MADRID — US President Joe Biden will hold a rare three-way meeting with the leaders of Japan and South Korea at the NATO summit in Madrid on Wednesday, a US official said Tuesday.
"The president tomorrow will have the opportunity to host a trilateral meeting with the president of Korea and the prime minister of Japan. This will be the first trilateral leaders-level meeting that we've had in some time," National Security Advisor Jake Sullivan said aboard Air Force One on the way to Madrid.
Discussions will focus on the threat from North Korea's nuclear program and tensions with China, he said.
For both Japanese Prime Minister Fumio Kishida and South Korean President Yoon Suk-yeol it is the first time their countries have been represented at a NATO summit.
Sullivan said the presence at the NATO gathering of leaders from Japan, South Korea, as well as Australia and New Zealand, underlined Biden's "very strong view" that the traditional transatlantic alliance is increasingly linked to security in the Asia-Pacific region.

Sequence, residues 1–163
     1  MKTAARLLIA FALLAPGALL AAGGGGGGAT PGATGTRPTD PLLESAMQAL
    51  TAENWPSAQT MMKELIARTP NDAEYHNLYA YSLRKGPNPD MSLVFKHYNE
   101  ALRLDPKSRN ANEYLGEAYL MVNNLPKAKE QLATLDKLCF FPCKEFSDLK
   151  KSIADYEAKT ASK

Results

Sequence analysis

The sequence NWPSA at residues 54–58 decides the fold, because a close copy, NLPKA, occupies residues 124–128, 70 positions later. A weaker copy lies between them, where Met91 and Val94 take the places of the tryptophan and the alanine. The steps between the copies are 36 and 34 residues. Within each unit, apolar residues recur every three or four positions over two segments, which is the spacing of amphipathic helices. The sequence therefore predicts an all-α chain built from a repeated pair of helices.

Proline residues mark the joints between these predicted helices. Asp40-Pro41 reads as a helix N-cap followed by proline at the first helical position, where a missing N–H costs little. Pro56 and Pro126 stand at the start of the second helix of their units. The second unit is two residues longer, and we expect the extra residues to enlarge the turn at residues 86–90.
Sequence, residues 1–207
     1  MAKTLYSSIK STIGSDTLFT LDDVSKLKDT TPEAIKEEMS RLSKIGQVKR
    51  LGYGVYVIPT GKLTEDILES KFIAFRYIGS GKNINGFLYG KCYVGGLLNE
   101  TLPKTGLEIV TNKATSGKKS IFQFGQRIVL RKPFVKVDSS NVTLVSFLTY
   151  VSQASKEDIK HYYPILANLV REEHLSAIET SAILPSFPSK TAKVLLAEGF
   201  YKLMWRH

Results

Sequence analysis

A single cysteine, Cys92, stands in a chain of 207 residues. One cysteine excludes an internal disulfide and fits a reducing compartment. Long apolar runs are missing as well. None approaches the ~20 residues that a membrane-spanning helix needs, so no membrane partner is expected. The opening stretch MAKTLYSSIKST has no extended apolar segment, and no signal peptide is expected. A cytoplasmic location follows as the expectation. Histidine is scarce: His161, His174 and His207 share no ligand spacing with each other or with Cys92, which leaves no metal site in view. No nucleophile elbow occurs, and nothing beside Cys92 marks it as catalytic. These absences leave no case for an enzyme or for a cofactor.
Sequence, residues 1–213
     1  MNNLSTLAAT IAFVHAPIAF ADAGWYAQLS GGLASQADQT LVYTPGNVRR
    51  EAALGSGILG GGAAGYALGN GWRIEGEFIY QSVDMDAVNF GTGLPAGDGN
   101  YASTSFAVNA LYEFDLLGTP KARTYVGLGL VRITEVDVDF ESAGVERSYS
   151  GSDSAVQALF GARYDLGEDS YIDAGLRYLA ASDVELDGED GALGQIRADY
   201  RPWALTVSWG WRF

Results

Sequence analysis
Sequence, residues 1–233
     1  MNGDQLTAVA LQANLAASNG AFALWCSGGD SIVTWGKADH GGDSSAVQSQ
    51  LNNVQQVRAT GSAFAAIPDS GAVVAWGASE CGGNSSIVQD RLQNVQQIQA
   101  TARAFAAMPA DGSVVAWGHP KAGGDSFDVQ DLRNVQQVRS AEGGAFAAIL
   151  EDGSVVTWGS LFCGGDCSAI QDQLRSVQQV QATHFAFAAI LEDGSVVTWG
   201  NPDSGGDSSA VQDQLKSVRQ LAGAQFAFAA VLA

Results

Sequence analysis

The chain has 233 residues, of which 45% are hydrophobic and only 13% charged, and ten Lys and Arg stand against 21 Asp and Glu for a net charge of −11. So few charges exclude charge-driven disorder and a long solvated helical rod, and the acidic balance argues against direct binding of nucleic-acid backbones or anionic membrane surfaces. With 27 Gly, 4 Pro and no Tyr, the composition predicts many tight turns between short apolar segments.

"The ties between allies in the two theaters have to deepen as well, not because NATO is going to be fighting wars in the Pacific but because there is an interconnection between the robustness and vitality of our Asia-Pacific alliances and our Euro-Atlantic alliances," he said.
The three-way meeting "will be mainly focused on the continuing threat" from North Korea, particularly after a series of missile tests and other "provocative" steps, Sullivan said.
"More broadly, he [Biden] will have the opportunity to talk with our Indo-Pacific partners and the NATO alliance about the China challenge." — Agence France-Presse